Some of the most damaging stories for Trump have resulted from his own actions, including his decision last month to have dinner with Kanye West and Nick Fuentes, two of the country’s best-known antisemites. Some Trump supporters blamed the dinner on the former president’s staff and said that in the future, aides would more diligently screen his visitors, but Trump has never taken well to efforts to control him.
On Wednesday, Trump posted on social media that he had a “major announcement” scheduled for Thursday. It turned out to be the launch of a line of digital playing cards featuring cartoon versions of his image. That’s hardly as damaging as dinner with racists, but it’s not the sort of action likely to calm Republicans who worry that their former standard-bearer isn’t focused on the task ahead.
Then there are the legal problems.
Between now and the first primaries of 2024, Trump could face trials in three civil cases: New York state Atty. Gen. Letitia James has accused him and his company of financial fraud involving inflated claims about the value of his assets; the writer E. Jean Carroll has accused him of raping her in the 1990s, then defaming her after she made her allegations public; and investors who lost money in what they allege was a pyramid scheme by a company called American Communications Network have sued him and his adult children for promoting the plan in television ads and public appearances.
Trump has survived many lawsuits over the decades, but now he also has exposure in at least three criminal investigations.
The district attorney in Atlanta is investigating whether he violated Georgia laws with his telephone call on Jan. 2, 2021, pressuring Secretary of State Brad Raffensperger to “find 11,780 votes” — the number he would have needed to overturn Biden’s victory in the state. And Justice Department special counsel Jack Smith is overseeing two federal investigations, one into the Jan. 6 attack and the other into the mishandling of classified documents and other records that Trump hid at Mar-a-Lago, his Florida estate.
Some Trump backers have suggested that if he were indicted in one or more of those cases, he could use the charges to rally Republican voters to his side. Perhaps. What the current polling suggests, however, is that bad news has encouraged many Republicans, including some inclined to sympathize with Trump, to look for an alternative candidate.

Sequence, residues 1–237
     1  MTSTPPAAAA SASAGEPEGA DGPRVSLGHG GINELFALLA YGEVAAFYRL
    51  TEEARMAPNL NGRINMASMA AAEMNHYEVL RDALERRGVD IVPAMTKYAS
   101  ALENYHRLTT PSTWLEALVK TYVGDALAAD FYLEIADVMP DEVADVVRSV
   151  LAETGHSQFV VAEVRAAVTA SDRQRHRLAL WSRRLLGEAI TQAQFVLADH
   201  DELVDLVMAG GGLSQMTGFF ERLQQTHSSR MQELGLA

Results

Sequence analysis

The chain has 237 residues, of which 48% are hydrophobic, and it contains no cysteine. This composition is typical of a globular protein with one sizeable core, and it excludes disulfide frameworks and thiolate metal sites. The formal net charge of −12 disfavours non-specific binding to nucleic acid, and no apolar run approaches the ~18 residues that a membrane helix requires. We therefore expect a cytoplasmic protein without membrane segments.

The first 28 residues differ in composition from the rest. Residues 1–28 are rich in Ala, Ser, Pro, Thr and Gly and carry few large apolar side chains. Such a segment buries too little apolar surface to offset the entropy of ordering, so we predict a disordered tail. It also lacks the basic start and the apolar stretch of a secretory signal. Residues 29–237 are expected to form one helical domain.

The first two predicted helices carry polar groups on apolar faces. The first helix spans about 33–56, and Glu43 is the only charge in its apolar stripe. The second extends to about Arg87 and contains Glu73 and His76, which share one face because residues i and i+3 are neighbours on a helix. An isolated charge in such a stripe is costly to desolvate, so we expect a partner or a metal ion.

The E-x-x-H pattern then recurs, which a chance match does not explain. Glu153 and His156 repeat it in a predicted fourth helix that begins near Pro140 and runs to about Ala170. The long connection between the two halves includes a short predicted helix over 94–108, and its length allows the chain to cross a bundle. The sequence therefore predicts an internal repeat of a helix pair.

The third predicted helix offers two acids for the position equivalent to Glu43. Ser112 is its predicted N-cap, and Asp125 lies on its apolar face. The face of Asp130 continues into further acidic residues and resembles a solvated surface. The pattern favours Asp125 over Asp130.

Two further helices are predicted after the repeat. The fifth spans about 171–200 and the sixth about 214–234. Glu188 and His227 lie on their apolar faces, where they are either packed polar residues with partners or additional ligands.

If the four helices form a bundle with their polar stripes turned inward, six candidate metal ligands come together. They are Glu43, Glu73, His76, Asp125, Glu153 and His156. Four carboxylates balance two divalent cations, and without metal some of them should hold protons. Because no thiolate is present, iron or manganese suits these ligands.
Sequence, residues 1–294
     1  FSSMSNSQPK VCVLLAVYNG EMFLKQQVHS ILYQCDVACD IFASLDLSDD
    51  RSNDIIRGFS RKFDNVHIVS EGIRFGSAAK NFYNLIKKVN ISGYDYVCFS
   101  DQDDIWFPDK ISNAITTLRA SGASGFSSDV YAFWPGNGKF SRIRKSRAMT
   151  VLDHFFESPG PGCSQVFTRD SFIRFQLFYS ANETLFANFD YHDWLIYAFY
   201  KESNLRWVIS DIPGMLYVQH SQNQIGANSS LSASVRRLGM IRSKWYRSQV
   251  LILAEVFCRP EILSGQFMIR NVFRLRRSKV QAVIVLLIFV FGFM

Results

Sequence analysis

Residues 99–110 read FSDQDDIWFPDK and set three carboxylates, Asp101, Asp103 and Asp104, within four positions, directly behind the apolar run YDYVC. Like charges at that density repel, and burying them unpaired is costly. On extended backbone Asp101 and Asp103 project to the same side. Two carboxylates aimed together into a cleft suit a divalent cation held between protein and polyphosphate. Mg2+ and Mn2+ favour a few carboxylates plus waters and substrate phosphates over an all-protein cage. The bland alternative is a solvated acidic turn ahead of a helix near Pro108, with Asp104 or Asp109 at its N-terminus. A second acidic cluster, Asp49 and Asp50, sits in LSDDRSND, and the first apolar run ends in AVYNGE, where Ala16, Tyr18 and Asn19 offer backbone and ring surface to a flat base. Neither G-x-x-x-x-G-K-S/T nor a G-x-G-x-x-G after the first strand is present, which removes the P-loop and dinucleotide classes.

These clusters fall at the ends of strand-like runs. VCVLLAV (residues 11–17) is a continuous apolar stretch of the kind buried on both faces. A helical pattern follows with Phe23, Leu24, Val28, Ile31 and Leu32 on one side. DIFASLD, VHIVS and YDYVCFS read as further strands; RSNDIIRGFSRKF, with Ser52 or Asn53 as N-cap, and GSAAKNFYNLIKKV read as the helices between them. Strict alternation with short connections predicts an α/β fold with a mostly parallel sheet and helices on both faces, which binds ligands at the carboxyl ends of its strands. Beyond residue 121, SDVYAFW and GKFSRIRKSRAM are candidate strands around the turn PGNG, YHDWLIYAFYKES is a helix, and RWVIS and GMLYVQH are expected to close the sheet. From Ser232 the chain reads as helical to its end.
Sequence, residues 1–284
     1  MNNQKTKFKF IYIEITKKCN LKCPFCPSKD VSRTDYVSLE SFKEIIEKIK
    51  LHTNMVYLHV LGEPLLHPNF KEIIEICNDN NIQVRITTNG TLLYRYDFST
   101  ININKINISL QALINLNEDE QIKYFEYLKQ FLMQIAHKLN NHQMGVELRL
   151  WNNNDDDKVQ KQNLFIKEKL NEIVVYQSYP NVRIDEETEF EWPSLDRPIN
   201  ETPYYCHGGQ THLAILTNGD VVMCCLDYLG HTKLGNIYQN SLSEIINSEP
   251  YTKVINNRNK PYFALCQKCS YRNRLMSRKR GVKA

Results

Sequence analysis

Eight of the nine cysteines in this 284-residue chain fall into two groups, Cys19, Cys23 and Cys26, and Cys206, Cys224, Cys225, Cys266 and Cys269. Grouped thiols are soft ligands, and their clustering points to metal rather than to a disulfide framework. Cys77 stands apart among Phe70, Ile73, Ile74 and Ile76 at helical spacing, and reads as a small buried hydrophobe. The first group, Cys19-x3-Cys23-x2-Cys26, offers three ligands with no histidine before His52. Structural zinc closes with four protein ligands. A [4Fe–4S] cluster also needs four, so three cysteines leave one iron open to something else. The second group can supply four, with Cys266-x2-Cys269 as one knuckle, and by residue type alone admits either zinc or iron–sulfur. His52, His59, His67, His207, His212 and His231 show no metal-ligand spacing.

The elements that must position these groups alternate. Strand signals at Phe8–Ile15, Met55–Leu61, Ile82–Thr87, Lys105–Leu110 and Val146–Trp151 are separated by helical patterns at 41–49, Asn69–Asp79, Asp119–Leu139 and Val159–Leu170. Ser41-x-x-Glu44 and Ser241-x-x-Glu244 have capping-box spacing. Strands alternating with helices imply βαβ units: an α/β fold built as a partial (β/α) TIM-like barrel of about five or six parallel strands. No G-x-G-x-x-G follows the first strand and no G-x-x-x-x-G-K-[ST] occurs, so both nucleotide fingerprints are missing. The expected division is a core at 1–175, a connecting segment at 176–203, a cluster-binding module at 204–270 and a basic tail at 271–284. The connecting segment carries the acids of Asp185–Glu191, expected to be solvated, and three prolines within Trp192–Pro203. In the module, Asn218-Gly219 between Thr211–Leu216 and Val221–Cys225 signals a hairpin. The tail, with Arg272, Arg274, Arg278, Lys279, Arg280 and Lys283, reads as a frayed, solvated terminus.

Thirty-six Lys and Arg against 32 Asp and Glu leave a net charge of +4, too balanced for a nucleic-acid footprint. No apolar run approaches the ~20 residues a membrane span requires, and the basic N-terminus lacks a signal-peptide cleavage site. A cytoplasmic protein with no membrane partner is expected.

Right now, that’s DeSantis. Whether the Florida governor can maintain his high standing remains unknown — lots of candidates look great until the campaign begins. For now, however, he fulfills the need that many Republicans feel for a candidate who espouses Trump’s policies without his erratic personal behavior.
The Suffolk University poll found that 65% of Republicans and Republican-leaning independents said they want “Republicans to continue the policies Trump pursued in office, but with a different Republican nominee for president,” compared with 31% who want Trump to run again.
“Republicans and conservative independents increasingly want Trumpism without Trump,” said the poll’s director, David Paleologos.
But, as Paleologos noted, the 31% who still back Trump could be enough to win Republican primaries in a multicandidate field, which is how Trump won in 2016.
And it’s possible that many of those who have stuck with Trump this far will remain with him. His remaining backers are disproportionately rural and white voters who did not go to college — groups that have been among his staunchest supporters since the 2016 campaign. DeSantis does better among groups of Republicans who were more skeptical of Trump to begin with, such as college-educated white voters.
If that pattern holds, it could set up a bitter primary fight that would divide Republicans along lines of class and culture. Since Trump first established his power in the party, Republican leaders have done everything they could — including tossing once-cherished political principles overboard — to try to avoid that sort of split. In the coming year, they may find that all they accomplished was to delay the inevitable.